• Bacon: 1 month
  • Sausages: 1-2 months
  • Soups and stews: 2-3 months

Defrosting

Make sure you're doing it correctly

Want to defrost an item? Before cooking or preparing it, you should ideally defrost it overnight in the fridge. The following day, use within 24 hours and cook through until it's piping hot all the way through to kill any bacteria.

If you need it quickly, food can be defrosted safely in the microwave on the defrost setting. Use the defrost power setting to ensure that foods defrost in a slow and even manner. To assist with even defrosting, turn and rotate the food every so often. With soups and stews, pause the microwave and stir them regularly and thoroughly.

Something to be aware of...

Be aware that defrosting on full power, rather than the defrost setting, may result in raw, still-frozen areas in the food, even though some parts may be piping hot. Check your microwave before beginning.

Freezer burn

This is caused by food ‘drying out’ as water leaves the food. It’s more likely to happen if you don’t wrap items tightly, or if the freezer is opened frequently. You’ll see the ‘burn’ as brownish patches on the surface of frozen/thawed food. Whilst unsightly, it doesn’t affect the taste and isn’t a food safety risk. Just trim off any affected areas before using the food.

  • Don’t re-freeze food that's been frozen.Don’t re-freeze food that's been frozen.If it was frozen raw and then cooked it should still be safe, but if you’re in any doubt it shouldn't be re-frozen.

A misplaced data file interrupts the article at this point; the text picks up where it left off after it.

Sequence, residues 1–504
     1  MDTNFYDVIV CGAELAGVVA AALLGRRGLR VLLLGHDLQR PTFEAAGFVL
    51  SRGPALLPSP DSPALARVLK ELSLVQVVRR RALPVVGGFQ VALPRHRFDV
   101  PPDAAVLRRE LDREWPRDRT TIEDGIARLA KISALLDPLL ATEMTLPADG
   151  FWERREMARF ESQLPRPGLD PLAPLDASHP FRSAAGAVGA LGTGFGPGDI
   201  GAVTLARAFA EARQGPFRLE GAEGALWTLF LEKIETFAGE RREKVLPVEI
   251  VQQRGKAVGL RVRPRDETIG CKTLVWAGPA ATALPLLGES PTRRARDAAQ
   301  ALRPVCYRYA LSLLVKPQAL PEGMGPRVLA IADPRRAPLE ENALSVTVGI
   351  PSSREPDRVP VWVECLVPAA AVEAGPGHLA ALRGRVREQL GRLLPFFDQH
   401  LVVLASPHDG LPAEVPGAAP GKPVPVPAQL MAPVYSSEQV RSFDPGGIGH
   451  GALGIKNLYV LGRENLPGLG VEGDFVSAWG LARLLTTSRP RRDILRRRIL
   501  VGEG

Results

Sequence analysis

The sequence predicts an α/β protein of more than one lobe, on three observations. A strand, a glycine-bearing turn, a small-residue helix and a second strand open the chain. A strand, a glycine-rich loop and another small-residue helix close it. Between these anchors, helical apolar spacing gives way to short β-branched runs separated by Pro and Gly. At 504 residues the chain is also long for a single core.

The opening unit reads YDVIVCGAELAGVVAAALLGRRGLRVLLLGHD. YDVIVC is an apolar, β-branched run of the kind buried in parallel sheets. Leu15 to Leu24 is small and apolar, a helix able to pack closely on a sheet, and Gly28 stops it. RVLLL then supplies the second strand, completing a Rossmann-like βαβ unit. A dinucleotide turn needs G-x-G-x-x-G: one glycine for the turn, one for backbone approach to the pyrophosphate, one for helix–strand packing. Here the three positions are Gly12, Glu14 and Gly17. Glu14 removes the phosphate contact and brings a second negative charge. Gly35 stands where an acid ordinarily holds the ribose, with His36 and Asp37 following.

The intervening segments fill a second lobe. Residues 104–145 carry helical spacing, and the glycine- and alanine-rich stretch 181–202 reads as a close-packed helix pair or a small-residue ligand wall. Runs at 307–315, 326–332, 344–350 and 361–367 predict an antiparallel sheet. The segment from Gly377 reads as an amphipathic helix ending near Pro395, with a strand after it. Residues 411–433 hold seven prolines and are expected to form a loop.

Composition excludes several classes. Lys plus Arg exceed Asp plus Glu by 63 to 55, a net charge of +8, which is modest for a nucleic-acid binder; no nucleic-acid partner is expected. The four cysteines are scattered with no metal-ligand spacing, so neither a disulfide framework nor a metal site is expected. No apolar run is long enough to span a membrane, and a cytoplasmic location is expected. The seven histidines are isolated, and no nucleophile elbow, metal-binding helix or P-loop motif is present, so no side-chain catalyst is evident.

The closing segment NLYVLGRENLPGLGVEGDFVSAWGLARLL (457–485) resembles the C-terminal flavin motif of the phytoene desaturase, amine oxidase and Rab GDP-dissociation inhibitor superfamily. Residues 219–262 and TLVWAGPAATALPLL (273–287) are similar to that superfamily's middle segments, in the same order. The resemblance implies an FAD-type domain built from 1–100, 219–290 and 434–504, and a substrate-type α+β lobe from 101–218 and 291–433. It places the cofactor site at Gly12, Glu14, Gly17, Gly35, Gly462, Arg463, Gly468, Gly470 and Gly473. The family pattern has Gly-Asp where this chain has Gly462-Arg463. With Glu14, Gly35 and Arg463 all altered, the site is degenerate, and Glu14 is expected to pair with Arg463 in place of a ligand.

• Freeze fresh. Freeze fresh. Don't freeze food past its use-by date in the hope it will somehow revitalise in the freezer. It’s perfectly safe to freeze on the use-by date but not beyond that.
  • If in doubt, throw it out.If in doubt, throw it out. Freezing doesn’t kill bacteria. If you’re a bit wary of something once defrosted, don't take any chances.

Everyday foods thatare ideal tofreeze

  • Soups, sauces and stews.
  • Bread generally freezes well for up to 3 months. However, French bread is better if used within a month. Sliced bread can be toasted from frozen.
  • Butter and margarine can be frozen, and are perfect for 3 months.
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    Hard cheese can be frozen for 6 months; if you grate it first, it can be used straight from the freezer.
  • Milk freezes well for 1 month. Ideally, defrost in the fridge and shake well before using as it will separate.
  • Blackberries or blueberries are great frozen. They can be used from frozen and last up to 1 year.

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Freezing vegetables

When properly frozen, vegetables keep their flavour and preserve nutrients. Fresh peas, beans (any type), cauliflower, broccoli or asparagus can all be home-frozen when in season, and keep well for 6 months.

 

Batch cooking

For tasty, homemade ready meals, foods such as soups, stews or meatballs can be cooked in a batch and portioned up then stored (with any sauce) in a container so you can defrost for an instant supper.

Most baked goods such as bread or buns are ideal for batch cooking, as its usually just as easy to make double the quantity and freeze one batch for another time. Always store baked items separately, e.g. sliced or in single

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portions, so you can use just one portion if you wish. 

Cooking from frozen

Although some dishes such as soups could be cooked straight from frozen, it's safer to defrost first.